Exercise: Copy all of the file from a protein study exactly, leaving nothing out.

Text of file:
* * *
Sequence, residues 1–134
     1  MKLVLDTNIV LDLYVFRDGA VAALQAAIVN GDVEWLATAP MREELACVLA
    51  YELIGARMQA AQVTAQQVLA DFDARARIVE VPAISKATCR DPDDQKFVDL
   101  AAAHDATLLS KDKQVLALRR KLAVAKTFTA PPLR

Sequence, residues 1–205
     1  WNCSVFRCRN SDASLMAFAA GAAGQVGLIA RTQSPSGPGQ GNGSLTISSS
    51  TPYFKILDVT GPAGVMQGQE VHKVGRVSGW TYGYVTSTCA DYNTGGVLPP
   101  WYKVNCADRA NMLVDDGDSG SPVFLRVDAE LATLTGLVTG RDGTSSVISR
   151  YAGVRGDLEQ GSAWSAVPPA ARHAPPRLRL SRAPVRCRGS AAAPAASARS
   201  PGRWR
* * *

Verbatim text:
Sequence, residues 1–134
     1  MKLVLDTNIV LDLYVFRDGA VAALQAAIVN GDVEWLATAP MREELACVLA
    51  YELIGARMQA AQVTAQQVLA DFDARARIVE VPAISKATCR DPDDQKFVDL
   101  AAAHDATLLS KDKQVLALRR KLAVAKTFTA PPLR

Sequence, residues 1–205
     1  WNCSVFRCRN SDASLMAFAA GAAGQVGLIA RTQSPSGPGQ GNGSLTISSS
    51  TPYFKILDVT GPAGVMQGQE VHKVGRVSGW TYGYVTSTCA DYNTGGVLPP
   101  WYKVNCADRA NMLVDDGDSG SPVFLRVDAE LATLTGLVTG RDGTSSVISR
   151  YAGVRGDLEQ GSAWSAVPPA ARHAPPRLRL SRAPVRCRGS AAAPAASARS
   201  PGRWR